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May 25, 2021
Portugal is undoubtedly one of the sweet spots in the Butler's Wine Cellar range. We've been selling Portuguese wines for over 40 years but we especially love the wines coming out of Portugal right now. Every month we're uncovering more great reds, whites, oranges and others, at every price point. As a result, a growing portion of our customer base is rapidly being converted to the many and varied joys of Portuguese wines.
Glad you asked. We've written this latest Butler's Wine Guide all about the wines of Portugal to give you some valuable tips on buying Portuguese - key varieties and styles, regions to look out for, plus some recommendations from our range.
Portugal can be a bit confusing to navigate at first, largely because its regions, producers and grape varieties are not widely known. But actually, there are only a few key things to look out for with Portuguese wines, and finding a style you like is really a bit of a doddle.
Historically, Portuguese wines have been all about the country's first syllable. Port is arguably still Portugal's hero wine and it casts a long shadow over the vinous landscape. But the fortified wines of the Douro are absolutely not the only story. Since gaining EU entry in 1986, Portugal has been on the long march to quality dry wine production, aided by massive investment and modernisation in vineyards and wineries right around the country.
Over the last 20 years, the focus has been on rich reds and fresh fruity whites, typically offering brilliant value for money. More recently there has been a drive towards premiumisation. And an explosion in innovation means that Portugal is now a European hotspot for experimental styles like skin-contact wine, natural wine and amphora wine.
In terms of unfortified wines, there really is no claim to the title of undisputed best Portuguese wine. Each region imparts its own character in its wines, partly because each region has its own indigenous grape varieties. That said, there is one common factor in many quality Portuguese wines... Blending.
Some of the wines we recommend below are mono-varietal but as a rule of thumb, Portugal is about blends. As a wine drinker, this is good for you in a couple of ways. First, it means you don't have to worry too much about learning the local varieties - the region of origin is far more important in helping you figure out the wine styles you like. And second, well-blended wines typically offer great consistency in quality, so once you know what you like, you can happily return to it again and again.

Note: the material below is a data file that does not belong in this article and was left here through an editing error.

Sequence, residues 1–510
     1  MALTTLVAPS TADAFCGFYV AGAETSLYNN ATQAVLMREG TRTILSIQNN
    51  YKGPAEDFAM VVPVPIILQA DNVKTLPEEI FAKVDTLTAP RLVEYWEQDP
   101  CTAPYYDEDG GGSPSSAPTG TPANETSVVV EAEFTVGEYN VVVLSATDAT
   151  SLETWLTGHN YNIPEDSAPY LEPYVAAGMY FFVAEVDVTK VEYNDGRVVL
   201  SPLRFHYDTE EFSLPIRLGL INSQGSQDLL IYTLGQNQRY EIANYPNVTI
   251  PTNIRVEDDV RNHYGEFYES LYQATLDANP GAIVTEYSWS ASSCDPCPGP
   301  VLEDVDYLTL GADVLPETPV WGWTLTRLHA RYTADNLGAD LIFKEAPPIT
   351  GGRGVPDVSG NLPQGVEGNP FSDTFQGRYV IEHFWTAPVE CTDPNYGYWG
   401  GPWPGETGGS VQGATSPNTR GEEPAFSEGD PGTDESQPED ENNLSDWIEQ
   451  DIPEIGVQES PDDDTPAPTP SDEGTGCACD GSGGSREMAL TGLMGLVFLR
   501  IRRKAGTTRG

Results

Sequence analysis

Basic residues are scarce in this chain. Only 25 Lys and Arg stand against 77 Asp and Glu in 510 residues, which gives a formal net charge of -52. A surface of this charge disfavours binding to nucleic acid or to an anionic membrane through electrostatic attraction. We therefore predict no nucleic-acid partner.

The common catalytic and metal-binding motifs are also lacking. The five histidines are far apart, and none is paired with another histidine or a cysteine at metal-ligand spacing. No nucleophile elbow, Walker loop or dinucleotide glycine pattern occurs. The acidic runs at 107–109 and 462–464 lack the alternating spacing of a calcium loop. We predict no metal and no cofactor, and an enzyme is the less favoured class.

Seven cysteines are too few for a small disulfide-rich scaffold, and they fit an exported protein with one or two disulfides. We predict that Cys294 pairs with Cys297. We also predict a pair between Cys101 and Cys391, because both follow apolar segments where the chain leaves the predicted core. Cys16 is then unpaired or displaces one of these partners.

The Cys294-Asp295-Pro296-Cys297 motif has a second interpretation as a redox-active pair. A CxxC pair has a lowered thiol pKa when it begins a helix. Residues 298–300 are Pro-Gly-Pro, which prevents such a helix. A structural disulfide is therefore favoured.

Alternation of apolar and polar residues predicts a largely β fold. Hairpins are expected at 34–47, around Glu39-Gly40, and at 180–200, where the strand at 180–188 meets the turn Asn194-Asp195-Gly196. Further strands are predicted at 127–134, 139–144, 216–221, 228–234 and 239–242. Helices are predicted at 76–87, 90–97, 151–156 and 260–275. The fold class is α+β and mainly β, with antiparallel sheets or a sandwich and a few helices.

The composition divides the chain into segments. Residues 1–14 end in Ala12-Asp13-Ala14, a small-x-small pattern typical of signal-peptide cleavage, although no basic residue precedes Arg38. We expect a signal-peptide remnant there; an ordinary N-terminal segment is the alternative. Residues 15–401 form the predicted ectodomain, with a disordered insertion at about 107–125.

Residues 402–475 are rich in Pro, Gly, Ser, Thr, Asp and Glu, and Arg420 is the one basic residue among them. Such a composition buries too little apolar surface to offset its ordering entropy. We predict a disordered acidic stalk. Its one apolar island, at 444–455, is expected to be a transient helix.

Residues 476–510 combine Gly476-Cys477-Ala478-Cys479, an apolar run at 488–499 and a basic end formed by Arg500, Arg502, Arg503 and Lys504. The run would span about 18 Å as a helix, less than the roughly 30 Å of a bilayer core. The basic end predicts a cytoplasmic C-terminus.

In the rainy northwest Atlantic corner of Portugal lies the country's most famous white wine region. Vinho Verde is the traditional home to light, fresh, low-alcohol, seafood-loving whites typically finished with a puff of CO2 before bottling to leave a delicate spritz on the tongue when drunk. Nowadays, more premium styles are also made, with the focus on the Alvarinho grape (known as Albariño just across the Spanish border to the north).
The map above shows the many subregions of Vinho Verde. Each of these brings different soils and climatic influences to the grapes grown there, offering either more options for blending or the potential for more expressive single-varietal wines.
Here are two textbook examples of the easy-drinking and premium styles of Vinho Verde wines available in the Butler's range.
Raza Vinho Verde Escolha 2019 (£9.99)
This all-time customer favourite is great fun... and dangerously easy to drink. It's 11.5% abv and comes with a few grams of residual sugar for added weight and quaffability. Great food wine too - perfect with oily fish or a salad, and tackles spices well.
Soalheiro Alvarinho 2020 (£18.99)
This is a very different beast from most Spanish Albariños, although it's equally delicious with seafood. It has the same base notes - citrus, stone fruits and pure minerality - but with the volume dialled up to 11. There's something riper and more exotic in here too, with a beautifully rounded mouthfeel. Well worth splashing out on.
The home of Port is the largest wine-producing region in Portugal, and has been turning out quality dry wines since the early 1980s. The Douro is a warm inland region with some really hot areas to the east, so it's particularly adept at big, full-bodied, tannic reds. However, there are also some great white wines coming out of the region's high-altitude vineyards.